Anyhow, about half-way through the song, one large, magnificent bird came out of nowhere, swooped down in front of my windshield and then circled above me for the duration of the song. I looked at the other cars around me but no one seemed to be looking up at it.

I’m pretty sure it was a condor. White-ish head and large black and white wingspan.

Whatever it was, felt like a blessing.

It left me stunned, and honored of course. So much that I didn’t even realize that I had missed my turnoff to 680 until I ended up in SF and Berkeley. No matter.

A condor has different medicines depending on the tribal culture and interpretation, but generally has the energy of unity and peaceful sharing. It carries with it a powerful prophesy with the eagle. There are many writings on this, but here’s a quick and easy one:…/

Today I honor the hopeful reality of loving unity, between cultures and classes, that all may thrive and feel safe to practice their own lineages, visions, inner-knowings and personal teachings.

~To sacred ground and sacred space for each his or her own and generations to come. ~ Suz

Women’s Annual Breitenbush Retreat 2015

So far I’ve held two retreats at Breitenbush Hot Springs and Retreat Center, 2014 and 2015. Each time, the bowl has been a major tool that we’ve used to find center and balance.

Like many ceremonies, I don’t take a lot of pictures. Here’s the beautiful JayaEagleHeart praying at the bowl.

Jaya at Breitenbush 2014

Agnes Pilgrim Advocates for Clean Water | OPB

 Here’s a great, short video of Grandma Agnes Baker Pilgrim and one of the International Council of 13 Grandmothers.
A must watch and it’s only 1 minute, 35 seconds.  Inspirational!

Original post: 2.7.13 by Pat Kruis


Grandmother Agnes Baker Pilgrim

“We grandmothers have come from far and wide to speak the knowledge we hold inside. In many languages we have been told it is time to make the right changes for our families, for the lands we love. We can be the voice for the voiceless. We are at the threshold. We are going to see change. If we can create the vision in our heart, it will spread. As bringers of light, we have no choice but to join together. As women of wisdom we cannot be divided. When the condor meets the eagle—thunderbirds come home.” – Grandmother Agnes Baker Pilgrim

Agnes Baker Pilgrim (Federated Tribes of Siletz) is the oldest living member of her tribe. Grandmother Agnes has been honored as a treasure of her people. She brought back the traditional Salmon Ceremony along with other traditions that were soon to be forgotten. She is the oldest on the International Council of 13 Indigenous Grandmothers at age 90 and the spokesperson for them. She has been an outspoken “voice for the voiceless”, speaking out for animals, trees, the water and all beings. In 2008, a mountain peak was named after her in Oregon to honor her work in the world.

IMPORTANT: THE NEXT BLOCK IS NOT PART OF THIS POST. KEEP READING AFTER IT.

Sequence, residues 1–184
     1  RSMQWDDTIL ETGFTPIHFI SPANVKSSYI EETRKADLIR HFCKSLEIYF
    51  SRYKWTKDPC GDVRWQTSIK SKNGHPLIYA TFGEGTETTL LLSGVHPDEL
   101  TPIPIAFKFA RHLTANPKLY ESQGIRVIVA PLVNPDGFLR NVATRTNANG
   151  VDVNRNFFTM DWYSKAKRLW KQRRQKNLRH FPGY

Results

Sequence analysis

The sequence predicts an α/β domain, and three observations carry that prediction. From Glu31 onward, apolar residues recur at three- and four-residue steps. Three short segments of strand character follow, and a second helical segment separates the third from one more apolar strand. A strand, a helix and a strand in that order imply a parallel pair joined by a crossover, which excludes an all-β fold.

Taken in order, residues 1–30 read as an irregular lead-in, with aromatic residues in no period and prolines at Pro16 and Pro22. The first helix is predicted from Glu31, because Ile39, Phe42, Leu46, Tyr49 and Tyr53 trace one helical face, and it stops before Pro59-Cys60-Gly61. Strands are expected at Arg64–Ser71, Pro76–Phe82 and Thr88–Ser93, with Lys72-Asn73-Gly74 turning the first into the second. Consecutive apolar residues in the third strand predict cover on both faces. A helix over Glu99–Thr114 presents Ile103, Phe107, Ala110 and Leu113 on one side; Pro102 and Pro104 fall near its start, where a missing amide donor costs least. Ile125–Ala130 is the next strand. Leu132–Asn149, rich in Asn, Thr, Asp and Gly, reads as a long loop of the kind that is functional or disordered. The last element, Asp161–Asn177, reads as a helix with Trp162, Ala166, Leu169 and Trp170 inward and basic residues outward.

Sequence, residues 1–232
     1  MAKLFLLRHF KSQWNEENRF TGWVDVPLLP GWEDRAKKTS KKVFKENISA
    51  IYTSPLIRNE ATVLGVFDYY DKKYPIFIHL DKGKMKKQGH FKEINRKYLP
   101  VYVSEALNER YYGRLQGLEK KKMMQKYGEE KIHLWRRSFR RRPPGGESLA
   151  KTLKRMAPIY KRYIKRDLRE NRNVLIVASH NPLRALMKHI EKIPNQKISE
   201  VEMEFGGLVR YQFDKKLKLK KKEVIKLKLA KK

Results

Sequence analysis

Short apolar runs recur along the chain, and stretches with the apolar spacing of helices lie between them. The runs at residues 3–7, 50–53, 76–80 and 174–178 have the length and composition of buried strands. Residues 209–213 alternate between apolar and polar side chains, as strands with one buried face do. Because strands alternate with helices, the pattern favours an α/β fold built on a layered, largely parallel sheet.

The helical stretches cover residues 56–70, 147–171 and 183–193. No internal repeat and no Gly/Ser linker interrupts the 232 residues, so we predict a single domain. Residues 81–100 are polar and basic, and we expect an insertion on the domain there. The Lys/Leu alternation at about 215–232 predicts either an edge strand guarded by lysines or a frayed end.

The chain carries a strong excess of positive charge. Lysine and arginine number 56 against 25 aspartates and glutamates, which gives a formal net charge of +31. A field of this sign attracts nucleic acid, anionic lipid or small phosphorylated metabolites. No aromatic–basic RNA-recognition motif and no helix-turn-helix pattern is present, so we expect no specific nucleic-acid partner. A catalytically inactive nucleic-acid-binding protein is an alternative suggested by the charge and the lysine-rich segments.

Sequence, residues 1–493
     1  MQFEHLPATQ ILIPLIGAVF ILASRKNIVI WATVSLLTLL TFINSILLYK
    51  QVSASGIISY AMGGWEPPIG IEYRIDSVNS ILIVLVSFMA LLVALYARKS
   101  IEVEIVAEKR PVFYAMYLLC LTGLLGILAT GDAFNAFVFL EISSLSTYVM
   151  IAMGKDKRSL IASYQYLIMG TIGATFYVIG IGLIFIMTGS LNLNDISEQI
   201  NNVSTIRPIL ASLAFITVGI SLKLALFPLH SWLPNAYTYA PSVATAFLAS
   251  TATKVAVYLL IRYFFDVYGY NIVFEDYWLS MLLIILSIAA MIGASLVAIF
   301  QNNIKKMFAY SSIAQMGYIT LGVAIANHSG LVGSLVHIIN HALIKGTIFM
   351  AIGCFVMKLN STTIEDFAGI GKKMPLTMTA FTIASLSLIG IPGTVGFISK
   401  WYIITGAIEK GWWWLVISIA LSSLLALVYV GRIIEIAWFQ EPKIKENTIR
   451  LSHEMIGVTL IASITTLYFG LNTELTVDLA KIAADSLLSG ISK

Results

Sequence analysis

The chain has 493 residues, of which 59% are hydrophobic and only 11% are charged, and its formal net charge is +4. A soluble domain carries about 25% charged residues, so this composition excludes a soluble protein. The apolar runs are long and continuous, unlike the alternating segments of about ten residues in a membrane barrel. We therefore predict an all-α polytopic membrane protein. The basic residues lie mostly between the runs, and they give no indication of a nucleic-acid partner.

Prayer as an Act of Consciously Connecting

Naomi at the bowl

I show pictures of the bowl but I don’t talk about it that much.  People have been asking, so the time has come:

The medicine bowl represents earth energy and the sacred womb of creation. Water represents flow in our lives, transformation, and wellbeing. Going to the bowl is an act of surrendering what no longer serves, offering a blessing for flow in the world, appreciating gifts already given, and receiving a blessing for greater flow in all areas of one’s life. Things grow, transform, or die within a womb or womb space.

The word “pray” “praying” or “prayer” gets thrown around a lot, yet has its own meaning to each of us.

“Praying” for me is an uncomfortable term because it is steeped in religious beliefs that I grew up with but do not believe in. However, I DO use the term anyway as an easy reference for “consciously connecting” with the living earth around me, as well as the natural rhythms of the universe, all those who came before me who live within my blood (and who I carry on for), our future generations, my inner compass, and the vaster, higher guidance and intelligence that I detect—and feel would be stupid to ignore.

Prayer is the act of making a connection. When we use items such as an ancient medicine bowl as a still point, or perhaps take a hike in the woods, we connect to the channels of other people, plants, animals, and rhythms. Touching the stone bowl or surrounding ourselves with nature reminds us of the timeless values that must not be forgotten for our survival. We must understand the environment we live in and we must learn how to be connected to others in order to survive. Finding gratitude and love for both creates a rich, non-manmade spiritual life.

Consciously connecting gives us the opportunity to create our own earth/spirit alignment, the place from which all light and love flows effortlessly. The more we can align consciously, the more we’ll begin to operate from that place unconsciously.

JeanStarWolfI was gifted this bowl by Lakota elder/sister, Morning “Star” Wolf, who continues to tell me stories and share her visions as they come to her. “Rock” to her people are called Inyan…the Stone People. “They are the record keepers, the first beings on this planet. They have sat silently watching the millennia pass and are very wise.” They hold all of the laughter and the tears. They nurture. They are solid, yet can transform into dust and can be hold the static of lightening. They hold male and female energy.